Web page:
A group of Merrill's Marauders after their return to the United States.

 Not a man of the Marauders went back to India a walking, well man.  Every one was ordered out by the medics; every man who marched into Burma so proudly and confidently three months before all either went out as a medical casualty or was left in a Burma jungle grave.  At the hospital I was in bed a week before I even wanted to look at my accumulated mail.  We had got mall twice in supply drops, but I had a torrent of it spilled onto my bed.  The month was June, but the boxes were Christmas gifts from the folks.  Other boys coming back by air got their delayed presents, and it was almost like Christmas again.  And then we learned that some of us not even up from sick beds were being called upon to return to the hell of the jungle.  We knew the battle for Myitkyina had reached the critical hour and the need for men was desperate, but we couldn't believe they were calling upon our men.  When calls came in for 100 volunteers to return, there were none.

 Thus, there gradually came about what has been called the "crack-up" of Merrill's Marauders.  In the hospital rooms the men lived over again those weary hours of moving upward and downward, around and across, back and forth over the Burma hillsides.  They relived those days with the flies, the leeches, the ripping undergrowth, the rains, the mud, the moldy stench of ancient jungle and dead Japanese, the ever-present terror of ambush, the occasional grim quip.  And this comprehending couldn't include return.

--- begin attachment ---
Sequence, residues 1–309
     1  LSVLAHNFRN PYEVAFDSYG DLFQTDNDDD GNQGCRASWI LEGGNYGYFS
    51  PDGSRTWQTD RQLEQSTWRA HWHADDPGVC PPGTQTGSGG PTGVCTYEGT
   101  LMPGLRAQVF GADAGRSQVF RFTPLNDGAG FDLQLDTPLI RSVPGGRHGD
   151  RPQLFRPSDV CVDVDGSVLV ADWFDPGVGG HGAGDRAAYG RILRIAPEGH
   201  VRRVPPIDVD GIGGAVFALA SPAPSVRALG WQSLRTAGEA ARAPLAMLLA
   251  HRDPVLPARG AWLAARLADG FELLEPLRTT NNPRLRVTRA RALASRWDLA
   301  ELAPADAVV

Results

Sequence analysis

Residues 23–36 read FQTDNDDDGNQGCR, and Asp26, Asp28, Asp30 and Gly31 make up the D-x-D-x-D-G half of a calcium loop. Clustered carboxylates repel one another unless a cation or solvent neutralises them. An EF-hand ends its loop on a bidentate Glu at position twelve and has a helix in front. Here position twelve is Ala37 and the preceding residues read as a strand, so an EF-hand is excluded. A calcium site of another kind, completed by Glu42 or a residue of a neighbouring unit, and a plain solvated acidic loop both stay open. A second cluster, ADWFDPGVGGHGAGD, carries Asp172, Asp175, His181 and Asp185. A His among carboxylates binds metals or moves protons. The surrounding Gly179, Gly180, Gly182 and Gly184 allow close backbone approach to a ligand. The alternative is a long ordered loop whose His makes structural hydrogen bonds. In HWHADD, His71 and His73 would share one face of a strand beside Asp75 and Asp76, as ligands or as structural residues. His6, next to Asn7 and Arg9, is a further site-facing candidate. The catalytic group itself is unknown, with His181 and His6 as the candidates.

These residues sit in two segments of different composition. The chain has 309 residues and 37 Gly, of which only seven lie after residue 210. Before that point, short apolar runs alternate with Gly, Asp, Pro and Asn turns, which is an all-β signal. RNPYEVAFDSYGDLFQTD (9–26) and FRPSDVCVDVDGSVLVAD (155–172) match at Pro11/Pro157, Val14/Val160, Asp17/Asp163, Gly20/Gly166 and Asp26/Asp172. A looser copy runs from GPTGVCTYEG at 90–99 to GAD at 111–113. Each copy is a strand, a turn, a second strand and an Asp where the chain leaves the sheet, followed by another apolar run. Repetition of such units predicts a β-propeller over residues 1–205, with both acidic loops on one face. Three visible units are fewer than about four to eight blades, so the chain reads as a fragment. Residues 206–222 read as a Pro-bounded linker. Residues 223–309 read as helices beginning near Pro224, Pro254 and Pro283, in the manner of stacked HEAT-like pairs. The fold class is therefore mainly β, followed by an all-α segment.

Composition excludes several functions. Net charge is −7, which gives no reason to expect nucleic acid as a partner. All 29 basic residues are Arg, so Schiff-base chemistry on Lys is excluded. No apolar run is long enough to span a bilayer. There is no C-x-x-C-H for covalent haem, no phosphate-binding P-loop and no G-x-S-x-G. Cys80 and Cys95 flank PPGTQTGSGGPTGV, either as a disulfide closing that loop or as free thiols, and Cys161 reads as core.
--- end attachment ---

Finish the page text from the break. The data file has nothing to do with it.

Finally came orders for us to return to America.  And we came home - five officers and about 400 enlisted men in the first batch, others as their condition warranted.  We came home to hear it said of us that we cracked up.  But we didn't.  Yes, the men who had to go back did grumble and a lot of them didn't make it out there on the line, but that was not because our morale had cracked or we had fizzled.

 Merrill's Marauders - all of us who can still walk - would march another such thousand miles to meet the Jap, if that were our mission.  No, the morale of Merrill's Marauders never ended.  We never backed down.  We just wore out!

General Stilwell awarding medals at Myitkyina.

 Click to visit CBI Remembering the Forgotten Theater

Originally published in the March and July 1991 issues.
Additional images from other sources have been added.
Adapted for the Internet by Carl Warren Weidenburner